Hillsborough struggles to keep up with child care demand as Florida reopens, research finds

By The Numbers

(Photo: Moffit Childcare Center via WFLA)

TAMPA, Fla. (WFLA) – As medical professionals continue their tireless work saving lives and other professionals begin to return to workplaces with the first phase of Florida’s reopening, new research is finding that Hillsborough County is having trouble keeping up with the need for adequate child care.

After County Commissioner Kimberly Overman raised concerns about parents returning back to work, Hillsborough County Child Care Licensing Manager Angela Chowning analyzed data about the current state of child care. The care was deemed an essential service during the state’s lockdown.

In a two-page summary of research, Chowning found 372 of the county’s 1,060 licensed child care facilities – 35 percent – have been closed. At the height of the pandemic, 46 percent of the facilities were closed.

With the closures, the Early Learning Coalition of Hillsborough County reports that approximately 3,000 slots have become available for families that qualify for subsidized child care.

Among the concerns raised by Chowning’s research was the capacity restrictions that are still in place, which may not allow families to return to their child care facility.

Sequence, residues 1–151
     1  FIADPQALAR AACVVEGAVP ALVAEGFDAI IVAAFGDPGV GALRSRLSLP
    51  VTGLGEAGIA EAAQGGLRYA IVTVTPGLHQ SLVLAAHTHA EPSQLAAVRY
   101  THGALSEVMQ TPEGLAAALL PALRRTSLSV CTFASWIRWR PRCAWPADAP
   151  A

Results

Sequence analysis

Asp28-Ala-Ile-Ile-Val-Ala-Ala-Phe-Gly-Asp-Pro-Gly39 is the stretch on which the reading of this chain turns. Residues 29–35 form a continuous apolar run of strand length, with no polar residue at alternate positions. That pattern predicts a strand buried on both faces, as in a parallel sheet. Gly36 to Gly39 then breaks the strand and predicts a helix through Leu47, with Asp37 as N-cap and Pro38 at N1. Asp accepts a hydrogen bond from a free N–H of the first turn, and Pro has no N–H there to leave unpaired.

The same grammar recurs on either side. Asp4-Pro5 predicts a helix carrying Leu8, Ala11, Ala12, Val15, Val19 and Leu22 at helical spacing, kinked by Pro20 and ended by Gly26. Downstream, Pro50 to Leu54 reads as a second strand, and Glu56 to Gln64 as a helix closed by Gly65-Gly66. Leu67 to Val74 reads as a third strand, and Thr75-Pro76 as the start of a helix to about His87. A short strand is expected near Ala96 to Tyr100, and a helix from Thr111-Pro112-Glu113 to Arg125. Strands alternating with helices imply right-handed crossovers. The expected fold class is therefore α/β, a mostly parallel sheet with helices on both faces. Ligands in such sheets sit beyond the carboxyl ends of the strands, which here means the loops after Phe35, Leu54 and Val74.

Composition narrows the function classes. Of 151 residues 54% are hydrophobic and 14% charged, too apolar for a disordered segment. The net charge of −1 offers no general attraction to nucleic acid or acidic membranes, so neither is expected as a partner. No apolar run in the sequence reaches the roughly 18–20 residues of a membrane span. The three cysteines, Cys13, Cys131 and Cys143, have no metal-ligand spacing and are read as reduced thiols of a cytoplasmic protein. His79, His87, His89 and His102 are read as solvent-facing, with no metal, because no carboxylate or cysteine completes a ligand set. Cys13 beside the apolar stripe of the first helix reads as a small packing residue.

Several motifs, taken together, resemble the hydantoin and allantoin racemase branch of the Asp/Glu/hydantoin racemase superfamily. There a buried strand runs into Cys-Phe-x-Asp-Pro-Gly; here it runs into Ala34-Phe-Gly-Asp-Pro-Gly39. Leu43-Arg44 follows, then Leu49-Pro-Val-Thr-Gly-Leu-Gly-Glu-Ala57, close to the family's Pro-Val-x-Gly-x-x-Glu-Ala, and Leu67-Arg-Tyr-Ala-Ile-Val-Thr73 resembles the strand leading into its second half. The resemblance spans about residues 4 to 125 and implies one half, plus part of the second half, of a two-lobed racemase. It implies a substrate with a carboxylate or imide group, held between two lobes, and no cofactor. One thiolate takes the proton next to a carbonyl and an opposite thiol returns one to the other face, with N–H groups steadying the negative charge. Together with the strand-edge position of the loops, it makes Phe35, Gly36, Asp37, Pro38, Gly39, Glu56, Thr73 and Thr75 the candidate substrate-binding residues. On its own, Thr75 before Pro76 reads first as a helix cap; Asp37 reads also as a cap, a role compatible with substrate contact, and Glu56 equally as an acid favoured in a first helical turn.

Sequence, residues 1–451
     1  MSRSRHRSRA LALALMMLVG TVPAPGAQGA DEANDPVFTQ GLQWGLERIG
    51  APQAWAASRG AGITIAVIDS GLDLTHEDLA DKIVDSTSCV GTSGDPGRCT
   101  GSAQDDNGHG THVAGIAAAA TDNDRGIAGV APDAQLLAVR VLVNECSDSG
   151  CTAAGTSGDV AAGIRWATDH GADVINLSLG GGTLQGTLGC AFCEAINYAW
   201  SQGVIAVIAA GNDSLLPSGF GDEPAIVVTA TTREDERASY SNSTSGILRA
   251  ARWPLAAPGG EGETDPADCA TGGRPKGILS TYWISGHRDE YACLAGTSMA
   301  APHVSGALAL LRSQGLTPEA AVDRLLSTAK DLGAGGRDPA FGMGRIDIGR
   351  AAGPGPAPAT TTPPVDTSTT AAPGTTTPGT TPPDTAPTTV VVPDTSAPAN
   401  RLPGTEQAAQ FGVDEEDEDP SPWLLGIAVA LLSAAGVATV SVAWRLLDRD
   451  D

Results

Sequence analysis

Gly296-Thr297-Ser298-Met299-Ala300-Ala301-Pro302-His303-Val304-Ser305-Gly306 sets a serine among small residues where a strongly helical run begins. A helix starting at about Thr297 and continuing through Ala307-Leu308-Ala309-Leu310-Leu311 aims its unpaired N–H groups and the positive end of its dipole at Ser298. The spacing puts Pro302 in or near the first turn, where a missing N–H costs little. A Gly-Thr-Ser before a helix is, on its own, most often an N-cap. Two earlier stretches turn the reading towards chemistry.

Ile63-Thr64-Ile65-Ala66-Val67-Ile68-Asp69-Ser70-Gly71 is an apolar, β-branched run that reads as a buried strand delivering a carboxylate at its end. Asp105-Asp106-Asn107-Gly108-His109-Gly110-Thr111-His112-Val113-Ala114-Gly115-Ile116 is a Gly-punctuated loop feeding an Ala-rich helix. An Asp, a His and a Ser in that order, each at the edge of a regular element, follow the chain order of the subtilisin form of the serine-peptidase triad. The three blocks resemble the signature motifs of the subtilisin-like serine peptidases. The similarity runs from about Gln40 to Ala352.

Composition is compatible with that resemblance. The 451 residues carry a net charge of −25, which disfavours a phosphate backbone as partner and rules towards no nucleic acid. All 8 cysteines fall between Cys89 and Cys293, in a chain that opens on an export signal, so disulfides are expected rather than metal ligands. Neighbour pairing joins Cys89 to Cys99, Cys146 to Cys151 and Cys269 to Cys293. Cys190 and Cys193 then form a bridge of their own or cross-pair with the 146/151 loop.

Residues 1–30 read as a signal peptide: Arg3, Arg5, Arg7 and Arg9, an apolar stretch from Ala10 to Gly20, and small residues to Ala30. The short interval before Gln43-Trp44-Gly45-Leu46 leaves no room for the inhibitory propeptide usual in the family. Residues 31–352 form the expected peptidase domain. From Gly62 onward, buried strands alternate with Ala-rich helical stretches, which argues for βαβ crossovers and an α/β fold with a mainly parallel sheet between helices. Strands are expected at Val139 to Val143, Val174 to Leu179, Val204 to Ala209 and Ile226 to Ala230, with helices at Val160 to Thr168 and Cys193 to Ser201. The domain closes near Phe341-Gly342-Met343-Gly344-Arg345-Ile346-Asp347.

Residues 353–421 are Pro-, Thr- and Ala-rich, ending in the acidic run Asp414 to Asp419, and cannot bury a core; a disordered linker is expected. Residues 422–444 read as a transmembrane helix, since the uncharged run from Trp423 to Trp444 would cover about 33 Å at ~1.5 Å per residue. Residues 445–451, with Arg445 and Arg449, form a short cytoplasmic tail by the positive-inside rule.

With current rules, classes cannot have more than 10 people and children cannot intermingle the way they could prior to the pandemic.

Other concerns included:

  • An inability to get adequate numbers of supplies for operation
  • A shortage of childcare provider staffing available to work
  • A lack of clarity regarding the CARES Payroll Protection process and parameters
  • With the closure of the public schools and the uncertainty of the operation of summer camps, the ability to accommodate school-age children will be limited

Because the Department of Children and Families oversees private child care providers in Florida and established CDC-based guidelines for how the child care facilities are being run amid the pandemic, Hillsborough is far from the only county facing this issue.

Nearly 1.5 million children in Florida are under the age of 6, and two-thirds of those children live in homes with either a single working-outside-the-home parent or two working parents.

“Going forward, indications are that child care programs will all reopen,” Chowning’s summary said. “These agencies’ main focus is to assist in stabilizing and supporting programs that are open and to facilitate a return to full operation in the near future.”

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